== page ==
NORTH CANTON The last time Luke Reicosky put on a Hoover uniform, he walked off the mat a winner.
That his win at the Division I state wrestling championships came in a the third-place match is part of the story, but while Reicosky wishes he had been competing in the championship match, being able to walk off the mat victorious still means a lot.
"Things went pretty well and I only had one loss, but to get to win my last match and go out on a win is a lot more satisfying," Reicosky said. "I wish I had gone to the finals, but winning my last match meant a lot."
Part of the reason the win was meaningful is that Reicosky doesn’t play a spring sport for Hoover, so the end of wrestling season meant the end of his high school sports career. He was a standout running back for the football team and one of two competitors at the state tournament for the wrestling team, though he hasn’t made a decision yet about whether he wants to wrestle in college.
While he feels that he did everything he possibly could to succeed on the mat during the season, Reicosky noted that in the offseason for wrestling, he devoted his energy to football because that was the sport he was preparing for at the time.
"During the summer, I focused on football, Whichever season it was, football or wrestling, I put 100 percent into that," he said of his training.
As a two-time state qualifier, Reicosky joins a select group of Hoover wrestlers who have achieved that feat. Although he, teammate Ben Smith and head coach Nick Gamble were the official Hoover contingent at the state tournament, friends, family members and teammates made the drive to Columbus to see him compete. Having that support provided a boost of energy, as did the always-enthusiastic crowds that fill the Jerome Schottenstein Center on the Ohio State University campus for the state tournament each March.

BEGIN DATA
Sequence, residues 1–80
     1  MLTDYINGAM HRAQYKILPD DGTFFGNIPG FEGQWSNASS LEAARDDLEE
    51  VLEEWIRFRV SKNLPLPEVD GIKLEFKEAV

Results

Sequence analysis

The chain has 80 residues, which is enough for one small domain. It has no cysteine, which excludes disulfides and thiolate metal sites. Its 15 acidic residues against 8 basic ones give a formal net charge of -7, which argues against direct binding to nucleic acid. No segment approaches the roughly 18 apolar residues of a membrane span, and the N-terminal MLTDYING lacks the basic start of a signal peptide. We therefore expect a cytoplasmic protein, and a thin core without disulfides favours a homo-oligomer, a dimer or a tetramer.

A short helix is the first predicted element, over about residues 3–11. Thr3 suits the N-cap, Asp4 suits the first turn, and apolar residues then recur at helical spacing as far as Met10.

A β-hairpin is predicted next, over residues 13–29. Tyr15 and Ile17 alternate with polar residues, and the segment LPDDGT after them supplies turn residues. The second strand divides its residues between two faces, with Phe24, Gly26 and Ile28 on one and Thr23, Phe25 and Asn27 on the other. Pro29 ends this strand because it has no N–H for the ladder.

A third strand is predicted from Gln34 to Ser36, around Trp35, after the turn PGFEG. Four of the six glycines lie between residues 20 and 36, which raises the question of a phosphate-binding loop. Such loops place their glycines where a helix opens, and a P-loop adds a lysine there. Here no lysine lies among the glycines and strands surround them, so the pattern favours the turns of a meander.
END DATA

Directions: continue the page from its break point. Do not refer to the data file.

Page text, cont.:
Reicosky admitted that he enjoyed the final few weeks of the season even though he had fewer and fewer teammates around as they were individually eliminated from the postseason.
"I liked it when it slimmed down a bit because the guys who really wanted it and wanted to work hard were the ones who were still there," he said.
The atmosphere at the state tournament left an indelible impression on Reicosky, from the large crowds to the pyrotechnics on the final day to the chance to spend a weekend in Columbus. Some of his friends who have siblings that attend Ohio State were able to make the trip down and spend the weekend with their brothers or sisters and cheer Reicosky on and their support was another memorable part of the weekend.
At the same time, there was a bittersweet note to the proceedings because after a middle school and high school sports career with the words "Hoover" and "Vikings" displayed across his chest, Reicsoky knows he won’t have another chance to don the orange and black in a competitive setting.
He’s now pointed toward college and while he hasn’t settled on a school yet, he wants to pursue a career in business. Not having organized sports in his life should he choose not to wrestle in college will be difficult, but knowing that he was able to walk away on a winning note lessens the sting a bit.
A 3-2 decision over Nevan Snodgrass of Kettering Fairmont in the third-place match was close and hard-fought, a fitting end for Reicosky’s career. Smith added a fourth-place finish at 195 pounds to help the Vikings place 14th as a team, one spot above Federal League rival Jackson and seven spots behind Perry, giving the Federal League three teams in the top 15.
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